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Biochemistry VI. Proteins & Enzymes. Proteins. Large, complex organic molecules Made of smaller monomers: Amino Acids Categories of proteins: Structural Proteins Storage Proteins Transport Proteins Defensive Proteins Enzymes. Structural Proteins.

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Biochemistry vi

Biochemistry VI

Proteins & Enzymes


  • Large, complex organic molecules

  • Made of smaller monomers: Amino Acids

  • Categories of proteins:

    • Structural Proteins

    • Storage Proteins

    • Transport Proteins

    • Defensive Proteins

    • Enzymes

Structural proteins
Structural Proteins

  • Used to provide structure and support for certain parts of organisms

  • Examples:

    • Keratin in hair/horns of animals

    • Collagen in connective tissues

    • Silk in spider webs

Storage proteins
Storage Proteins

  • Used to store other molecules for later use

  • Examples:

    • Casein in milk

    • Ovalbumin in egg whites

    • Zein in corn seeds

Transport proteins
Transport Proteins

  • Used to assist in the transport of molecules into and out of a cell or other membrane

  • Examples:

    • Hemoglobin (O2 carrier) in red blood cells

    • Integral membrane proteins

Defensive proteins
Defensive Proteins

  • Used to protect cells and organisms against foreign substances or life forms

  • Examples:

    • Antibodies

    • Cell surface recognition proteins

    • Poisons made by plants, insects, snakes, etc.


  • Regulate the rate of chemical reactions

  • Examples:

    • DNA polymerase and helicase

    • Lactase

    • Peroxidase

    • Sucrase

Amino acids
Amino Acids

  • The building blocks of proteins

  • 20 total amino acids

  • Some can be synthesized by humans, others must be consumed

  • Carbon w/ 4 groups:

    • Amine

    • Carboxyl (acid)

    • Hydrogen

    • R group (varies)

Amino acid r groups
Amino Acid R Groups

  • R Groups determine the physical and chemical properties of the protein

  • They can be polar, nonpolar, acidic, or basic (importance?)

  • They can also be used for the attachment of other inorganic groups that are essential for the functioning of the protein

    • Heme group on hemoglobin bonds to Fe2+

    • Other organic co-enzymes from our diet (vitamins)

Putting amino acids together
Putting Amino Acids Together

  • To build a protein, the amino acids must be connected by peptide bonds

  • Peptide bonds connect the amine group of one amino acid to the carboxyl group of the next

  • This bond is caused by a dehydration reaction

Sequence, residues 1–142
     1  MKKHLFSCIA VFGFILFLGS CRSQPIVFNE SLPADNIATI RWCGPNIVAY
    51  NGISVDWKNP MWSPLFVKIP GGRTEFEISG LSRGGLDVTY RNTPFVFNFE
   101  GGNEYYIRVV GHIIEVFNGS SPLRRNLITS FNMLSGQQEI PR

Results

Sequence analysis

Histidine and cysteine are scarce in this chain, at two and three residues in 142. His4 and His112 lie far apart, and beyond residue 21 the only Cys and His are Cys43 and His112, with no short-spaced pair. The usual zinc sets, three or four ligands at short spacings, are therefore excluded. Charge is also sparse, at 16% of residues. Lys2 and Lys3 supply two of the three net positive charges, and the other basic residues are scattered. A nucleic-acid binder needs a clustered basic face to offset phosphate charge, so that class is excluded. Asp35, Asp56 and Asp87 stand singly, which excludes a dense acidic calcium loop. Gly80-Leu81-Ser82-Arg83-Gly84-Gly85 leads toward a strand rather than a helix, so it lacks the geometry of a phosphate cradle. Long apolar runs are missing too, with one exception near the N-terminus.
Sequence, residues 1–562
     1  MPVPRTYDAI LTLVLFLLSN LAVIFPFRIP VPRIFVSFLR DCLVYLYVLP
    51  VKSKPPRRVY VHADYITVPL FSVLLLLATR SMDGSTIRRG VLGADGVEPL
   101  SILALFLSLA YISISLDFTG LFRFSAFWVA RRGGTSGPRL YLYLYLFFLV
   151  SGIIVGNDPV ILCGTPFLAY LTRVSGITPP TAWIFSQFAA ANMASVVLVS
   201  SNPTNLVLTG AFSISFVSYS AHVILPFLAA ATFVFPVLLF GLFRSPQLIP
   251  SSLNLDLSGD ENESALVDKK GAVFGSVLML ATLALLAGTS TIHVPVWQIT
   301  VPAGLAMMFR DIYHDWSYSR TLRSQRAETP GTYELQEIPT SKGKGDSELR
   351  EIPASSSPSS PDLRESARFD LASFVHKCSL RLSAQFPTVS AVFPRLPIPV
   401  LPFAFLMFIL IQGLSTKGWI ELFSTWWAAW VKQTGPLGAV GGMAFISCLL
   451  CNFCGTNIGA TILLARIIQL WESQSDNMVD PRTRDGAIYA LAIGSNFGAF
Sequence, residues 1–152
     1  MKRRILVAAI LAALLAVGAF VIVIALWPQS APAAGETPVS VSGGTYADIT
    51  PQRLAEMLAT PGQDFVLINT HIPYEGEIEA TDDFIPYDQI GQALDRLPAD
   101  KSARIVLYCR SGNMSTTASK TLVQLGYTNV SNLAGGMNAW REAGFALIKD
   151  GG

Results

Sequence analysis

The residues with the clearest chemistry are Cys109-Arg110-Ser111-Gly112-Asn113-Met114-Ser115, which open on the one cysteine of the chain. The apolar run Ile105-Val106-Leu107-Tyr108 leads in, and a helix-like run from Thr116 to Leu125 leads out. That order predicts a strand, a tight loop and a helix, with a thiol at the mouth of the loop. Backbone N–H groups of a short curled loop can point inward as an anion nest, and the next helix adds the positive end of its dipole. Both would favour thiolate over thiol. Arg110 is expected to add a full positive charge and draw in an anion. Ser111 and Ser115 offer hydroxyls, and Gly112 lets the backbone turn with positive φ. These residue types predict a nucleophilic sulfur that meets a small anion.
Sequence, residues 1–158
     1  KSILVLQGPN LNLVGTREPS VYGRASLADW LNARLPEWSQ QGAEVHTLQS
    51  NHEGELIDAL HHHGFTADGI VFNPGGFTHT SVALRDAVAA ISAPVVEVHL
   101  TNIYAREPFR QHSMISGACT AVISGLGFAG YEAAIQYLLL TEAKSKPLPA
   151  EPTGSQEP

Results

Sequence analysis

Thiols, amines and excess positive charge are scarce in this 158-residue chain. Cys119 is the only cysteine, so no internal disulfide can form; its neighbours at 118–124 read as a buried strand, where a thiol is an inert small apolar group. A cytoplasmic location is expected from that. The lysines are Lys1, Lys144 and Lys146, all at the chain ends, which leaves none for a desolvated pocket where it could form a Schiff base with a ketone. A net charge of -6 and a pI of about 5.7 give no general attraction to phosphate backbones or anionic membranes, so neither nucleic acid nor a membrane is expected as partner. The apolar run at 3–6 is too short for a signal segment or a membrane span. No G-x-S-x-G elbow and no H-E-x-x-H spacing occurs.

• A chain of connected amino acids is called a polypeptide

Where do a a s come from
Where Do A.A.s Come From?

  • Many foods contain amino acids in the form of protein

  • When we digest protein, we recycle the amino acids and re-assemble them into our proteins

Structure of a protein
Structure of a Protein

  • The code in the DNA recipe is a sequence of A’s, T’s, C’s and G’s

  • The corresponding RNA copy of the recipe contains this code, which is read in 3’s

    • AUG, GGC, CUA, AAU, GCC, etc…

  • Every 3 letter combination translates into 1 specific amino acid

  • The chain of amino acids has a specific sequence

Structure of protein
Structure of Protein

  • Primary Structure

    • A unique sequence of amino acids in a polypeptide chain

  • Secondary Structure

    • Repeated folds and coils of a polypeptide chain

  • Tertiary Structure

    • Irregular contortions from bonding of the side chains of the various amino acids

  • Quaternary Structure

    • overall protein structure that results from the aggregation of tertiary subunits

Fibrous proteins
Fibrous Proteins

  • Found only in animals

  • Rod or wire-like shapes

  • Usually structural/storage

  • Water insoluble (hydrophobic R-groups)

  • Common in connective tissues, tendons, bone matrix, and muscle fiber

  • Examples: keratins, collagens, elastins

Globular proteins
Globular Proteins

  • Soluble in aqueous solutions (water)

  • Apolar amino acids are oriented toward the center of the globe-like structure

  • Used as enzymes, messengers (hormones), transporters

  • Examples: hemoglobin,

    immunoglobulins, insulin

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  • Enzymes speed up metabolic reactions

  • Enzymes: catalytic proteins

  • Catalyst: reduces the activation energy

  • Activation energy (Ea): energy required to start a reaction


  • Substrate: reactant an enzyme works on

  • Active site: pocket where substrate is worked on

  • Induced fit: brings chemical groups into positions that enhance their ability to work between the enzyme and substrate

  • Effects of temperature and pH: enzymes have an optimal temperature and pH they work within

  • Metabolic pathways consist of chains or cycles of enzymes


  • Cofactors: helpers bound into active site

  • Coenzyme: an organic cofactor

  • Competitive inhibitors: block the active site

  • Non-competitive inhibitors: bind to another part of the enzyme, inhibiting work

  • Allosteric site: receptor site away from the active site, where other molecules regulate activity


  • Feedback (end-product) Inhibition: metabolic pathway is switched off by its end product

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